Monday, June 1, 2009

Family Fun: Episode IV, Zaleski Strikes Back

I almost titled this post "It wasn't supposed to rain."

I've been backpacking for a few years, and even in the bad weekends I felt like I was always prepared for bad weather, but this weekend was one of those where God says, "Yeah, you think you're all that, huh? Well..."

Kate and I went to Zaleski a few weeks ago, so it was Shortie's turn to go. I had checked the weather and there was like 20% chance of rain -- and even that 20% was waning throughout the week. So, I expected another great weekend hiker at Zaleski State Forest.

We got started early on Saturday and it was GORGEOUS. About 70 degrees, we took the South loop. I had a hot tip on a secluded, clandestine camping spot just perfect for Father/Daughter bonding. We actually found the campsite without much effort right where it was supposed to be, and given the number of Boy Scouts carrying coolers and folding chairs we past on the trail, I thought it would be a perfect spot for just us two.

As I surveyed the campsite, I remember thinking "This is great! Private and tucked away, it's absolutely perfect, except for it's on a high ridge and might be exposed to lightning." But, given the blue sky and the 3-day blue sky forecast. This was it! We set up camp.

  • At 9:30 pm, I was looking at a clear, evening sky with a bright half-moon shining brightly.
  • At 9:45 pm, It was dark, cloudy, and the sound of thunder was rolling in.
  • At 10:00pm, It was pitch black, and I spotted at least 4 cloud to ground lightning strikes in the distance.
  • At 10:05pm, Shortie and I left our campsite for lower ground in a hurry.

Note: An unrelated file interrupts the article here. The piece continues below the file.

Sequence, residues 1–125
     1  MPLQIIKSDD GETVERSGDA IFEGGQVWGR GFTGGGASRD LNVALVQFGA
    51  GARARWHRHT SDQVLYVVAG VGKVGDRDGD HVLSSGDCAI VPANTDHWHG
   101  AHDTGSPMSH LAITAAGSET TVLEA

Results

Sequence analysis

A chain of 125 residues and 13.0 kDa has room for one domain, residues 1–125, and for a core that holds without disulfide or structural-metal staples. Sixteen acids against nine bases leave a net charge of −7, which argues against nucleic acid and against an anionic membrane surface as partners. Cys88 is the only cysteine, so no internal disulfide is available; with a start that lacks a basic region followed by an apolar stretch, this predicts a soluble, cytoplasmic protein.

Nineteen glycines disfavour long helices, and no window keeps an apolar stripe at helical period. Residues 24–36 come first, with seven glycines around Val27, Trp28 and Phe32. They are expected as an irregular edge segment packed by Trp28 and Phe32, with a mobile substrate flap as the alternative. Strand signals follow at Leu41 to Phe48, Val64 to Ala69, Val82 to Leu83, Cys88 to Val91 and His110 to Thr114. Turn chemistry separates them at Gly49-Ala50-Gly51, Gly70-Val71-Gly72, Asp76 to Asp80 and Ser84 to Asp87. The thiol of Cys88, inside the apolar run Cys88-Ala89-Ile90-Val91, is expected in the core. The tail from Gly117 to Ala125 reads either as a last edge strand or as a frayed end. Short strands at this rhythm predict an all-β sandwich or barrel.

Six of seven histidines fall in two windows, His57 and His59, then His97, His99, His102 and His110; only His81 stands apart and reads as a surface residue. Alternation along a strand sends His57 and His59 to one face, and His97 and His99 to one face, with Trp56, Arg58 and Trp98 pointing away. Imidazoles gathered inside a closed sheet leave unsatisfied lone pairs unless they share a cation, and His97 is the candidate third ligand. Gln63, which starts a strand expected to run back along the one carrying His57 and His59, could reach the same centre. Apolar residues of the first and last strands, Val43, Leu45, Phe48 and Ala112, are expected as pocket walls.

• At 10:20pm, After 15 minutes of being drenched in the absolute darkness and weighing the odds of a lightning strike vs. a flashlight failure, we made our way back to the tent.
  • At 10:30pm, We buried ourselves in the tent and wished we were somewhere else. I found religion (again).
  • At 11:00pm, The storm started to wane. (And by wane I mean that the lightning flashed every 7 seconds, instead of every 3.)
This was a lesson learner. Lessons learned:
  1. Weather predictions are just that.
  2. If there's a "except for..." that follows your campsite assessment, heed it.
  3. Never leave your tent (if you've followed #2 -- you shouldn't want to leave it).
  4. "Water Resistant" means you can sweat on it -- and that's about it.
  5. Even if it means hiking half as far, take the gear that you need, and the gear that you may need.
  6. Raisins are more fun to throw than they are to eat. Maybe Sara will expand on this in her blog entry.
For the record, my young hiking buddy was very brave in the face of such scary circumstances. In the morning, I asked whether she had fun and she responded with a big "Yes! I love hiking. The storm wasn't very fun, though." That would be one of the first TV-Free Family Fun understatements of the summer. I wonder whether she'll ever want to go hiking with me again.

That storm sucked out loud! but, dang it! ... It wasn't supposed to rain.

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